Are magic mushrooms safe? In this blog, we'll explore what the studies show.

The potency of drugs varies wildly (not only between different drugs but within the same drug), as does their relative harm to the user and to those around them. According to the 2018 Global Drugs Survey, which surveyed 130,000people in over 40 countries, magic mushrooms rank as the safest drug you can take (see Fig.1). Great news for spiritual consumers, who may argue that they second-guessed the findings and knew this all along.

Although mushrooms aren’t used as much as other ‘party’ drugs, typically 20-30% less, they have a very low risk of causing acute harm and they are non-addictive. The average number of days that respondents to the survey used mushrooms last year was just over 4, suggesting that this is more of a substance for ‘special occasions’. The survey based its findings on those who had to get emergency medical treatment after drug use and so those taking mushrooms were very unlikely to have to visit the emergency room.

The survey also recommended tripping with “trusted company” because these are the people will make the experience a pleasant one and take care of you, should you experience any unusual effects. In reality, it seems, accidental injury is the most likely cause of mushroom-trippers (literally) seeking medical treatment. What better excuse to tidy up and clear the room of tripping hazards before your next mushroom journey!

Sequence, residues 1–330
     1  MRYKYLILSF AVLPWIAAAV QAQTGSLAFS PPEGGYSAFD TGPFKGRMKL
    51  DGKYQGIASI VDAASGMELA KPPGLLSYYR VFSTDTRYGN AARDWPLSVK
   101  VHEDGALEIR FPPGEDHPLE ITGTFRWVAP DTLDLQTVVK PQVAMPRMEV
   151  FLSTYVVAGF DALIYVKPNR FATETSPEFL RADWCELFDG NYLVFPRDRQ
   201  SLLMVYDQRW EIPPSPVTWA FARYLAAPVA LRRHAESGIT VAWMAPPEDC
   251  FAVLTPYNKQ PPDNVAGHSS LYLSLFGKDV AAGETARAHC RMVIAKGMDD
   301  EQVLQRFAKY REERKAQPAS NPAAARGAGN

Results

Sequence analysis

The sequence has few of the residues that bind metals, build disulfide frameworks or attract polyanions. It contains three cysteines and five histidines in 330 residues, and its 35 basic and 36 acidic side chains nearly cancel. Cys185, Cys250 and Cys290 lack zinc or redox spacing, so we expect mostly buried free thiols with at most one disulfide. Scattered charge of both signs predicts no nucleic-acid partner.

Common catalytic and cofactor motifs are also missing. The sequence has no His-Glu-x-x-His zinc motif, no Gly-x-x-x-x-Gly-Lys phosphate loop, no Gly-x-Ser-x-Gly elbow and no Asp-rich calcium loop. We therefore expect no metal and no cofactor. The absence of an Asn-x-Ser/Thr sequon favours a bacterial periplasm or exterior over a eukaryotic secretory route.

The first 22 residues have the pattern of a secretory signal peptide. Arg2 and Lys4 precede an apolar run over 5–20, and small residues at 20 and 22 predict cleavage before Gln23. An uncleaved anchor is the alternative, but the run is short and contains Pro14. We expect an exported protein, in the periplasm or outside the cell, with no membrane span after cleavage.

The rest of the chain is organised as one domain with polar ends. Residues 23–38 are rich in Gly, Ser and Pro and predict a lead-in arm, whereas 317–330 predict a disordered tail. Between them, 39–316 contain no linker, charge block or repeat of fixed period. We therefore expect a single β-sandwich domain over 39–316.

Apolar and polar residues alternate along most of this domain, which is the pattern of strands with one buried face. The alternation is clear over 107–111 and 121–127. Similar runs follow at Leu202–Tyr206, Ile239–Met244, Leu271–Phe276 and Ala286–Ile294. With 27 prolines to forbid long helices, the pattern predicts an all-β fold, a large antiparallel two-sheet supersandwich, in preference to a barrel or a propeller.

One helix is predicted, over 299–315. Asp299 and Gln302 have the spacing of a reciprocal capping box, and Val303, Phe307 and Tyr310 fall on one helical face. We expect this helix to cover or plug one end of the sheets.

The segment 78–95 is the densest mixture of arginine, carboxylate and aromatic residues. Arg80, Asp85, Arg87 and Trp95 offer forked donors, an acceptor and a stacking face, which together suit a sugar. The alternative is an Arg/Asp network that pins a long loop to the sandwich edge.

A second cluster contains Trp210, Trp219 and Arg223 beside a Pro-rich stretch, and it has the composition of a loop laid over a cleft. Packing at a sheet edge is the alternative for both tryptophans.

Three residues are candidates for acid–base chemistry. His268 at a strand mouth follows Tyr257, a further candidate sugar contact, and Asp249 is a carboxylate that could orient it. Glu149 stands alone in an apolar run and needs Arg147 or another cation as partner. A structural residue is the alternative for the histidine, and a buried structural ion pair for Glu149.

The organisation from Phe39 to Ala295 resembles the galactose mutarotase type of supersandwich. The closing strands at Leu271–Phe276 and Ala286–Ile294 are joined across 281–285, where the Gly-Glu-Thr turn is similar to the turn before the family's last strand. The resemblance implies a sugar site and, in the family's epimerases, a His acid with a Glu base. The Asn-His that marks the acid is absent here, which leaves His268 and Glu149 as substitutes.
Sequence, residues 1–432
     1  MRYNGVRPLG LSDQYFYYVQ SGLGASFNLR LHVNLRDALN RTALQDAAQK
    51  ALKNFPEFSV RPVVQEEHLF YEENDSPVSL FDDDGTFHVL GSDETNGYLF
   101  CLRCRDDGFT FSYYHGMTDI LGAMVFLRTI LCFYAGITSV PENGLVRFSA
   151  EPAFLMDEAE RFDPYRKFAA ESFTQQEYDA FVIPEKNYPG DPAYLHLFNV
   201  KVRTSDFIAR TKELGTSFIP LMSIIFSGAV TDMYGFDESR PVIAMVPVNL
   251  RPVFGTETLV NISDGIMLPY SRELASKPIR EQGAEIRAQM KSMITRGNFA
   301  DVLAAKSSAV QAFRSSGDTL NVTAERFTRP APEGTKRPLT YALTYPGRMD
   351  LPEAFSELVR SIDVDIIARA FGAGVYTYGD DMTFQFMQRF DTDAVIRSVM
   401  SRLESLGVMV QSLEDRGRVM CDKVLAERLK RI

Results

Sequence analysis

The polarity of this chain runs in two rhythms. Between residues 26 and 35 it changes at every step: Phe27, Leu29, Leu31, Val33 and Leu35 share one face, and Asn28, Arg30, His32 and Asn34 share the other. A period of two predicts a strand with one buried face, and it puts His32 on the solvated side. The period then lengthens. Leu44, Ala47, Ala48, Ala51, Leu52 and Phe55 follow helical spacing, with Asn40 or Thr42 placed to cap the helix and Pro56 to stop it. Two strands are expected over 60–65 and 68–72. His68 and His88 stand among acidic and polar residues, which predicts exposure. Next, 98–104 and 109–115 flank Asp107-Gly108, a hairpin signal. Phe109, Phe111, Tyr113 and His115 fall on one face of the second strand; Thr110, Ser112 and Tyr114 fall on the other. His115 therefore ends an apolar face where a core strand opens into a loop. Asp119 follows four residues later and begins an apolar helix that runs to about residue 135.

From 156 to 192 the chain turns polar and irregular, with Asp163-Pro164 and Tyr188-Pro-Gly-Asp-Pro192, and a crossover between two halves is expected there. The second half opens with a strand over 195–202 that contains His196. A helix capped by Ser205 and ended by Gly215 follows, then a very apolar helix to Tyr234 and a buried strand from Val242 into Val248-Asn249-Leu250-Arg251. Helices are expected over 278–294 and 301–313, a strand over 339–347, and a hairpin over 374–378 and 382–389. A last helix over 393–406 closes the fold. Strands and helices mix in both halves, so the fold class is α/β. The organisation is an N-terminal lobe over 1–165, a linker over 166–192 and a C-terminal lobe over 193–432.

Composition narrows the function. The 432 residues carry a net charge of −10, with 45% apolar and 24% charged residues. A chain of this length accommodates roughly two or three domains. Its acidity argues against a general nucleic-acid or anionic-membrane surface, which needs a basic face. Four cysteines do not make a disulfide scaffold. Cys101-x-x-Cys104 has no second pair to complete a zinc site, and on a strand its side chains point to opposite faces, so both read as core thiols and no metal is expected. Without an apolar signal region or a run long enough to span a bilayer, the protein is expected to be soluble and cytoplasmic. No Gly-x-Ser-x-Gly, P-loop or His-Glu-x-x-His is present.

What do the scientists say?

An overview of recent clinical studies by Tylš et al. (2013) also confirmed that psilocybin has very low toxicity and no fatalities have been linked specifically to ingesting it. According to the article, “one would have to eat approximately 19g of the pure drug or consume their body weight in fresh psilocybin containing mushrooms to bring on death”(p.349). Lasting psychological effects are unlikely to cause a problem in otherwise healthy people.

On a broader scale, Professor David Nutt, the well-known drugs researcher, developed a ‘matrix of harm’ to analyse the harm of different drugs(including some legal ones like alcohol), based on these 9 factors:

 Physical harm    Acute        Chronic        Intravenous harm    Dependence    Intensity of pleasure        Psychological dependence         Physical dependence    Social harms    Intoxication        Other social harms        Health-care costs  

Nutt et al., 2007, p.1049

Although the report doesn’t survey mushrooms or psilocybin, it’s interesting to see that the relative harm of different substances doesn’t necessarily equate with how dangerous the drug is considered in the eyes of the law (see Fig.2.).

Alcohol, for instance, is an entirely legal ‘drug’ but it is considered the 5th most harmful drug according to this scale. This is in part due to its easy accessibility and therefore very regular use (we all know the slightly sad parody of the drunken Brit). Astonishingly, according to the research “Tobacco and alcohol together account for about 90% of all drug-related deaths in the UK” (Nutt et al., 2007, p.1047). Perhaps that will give you something to think about next time you reach for a beer.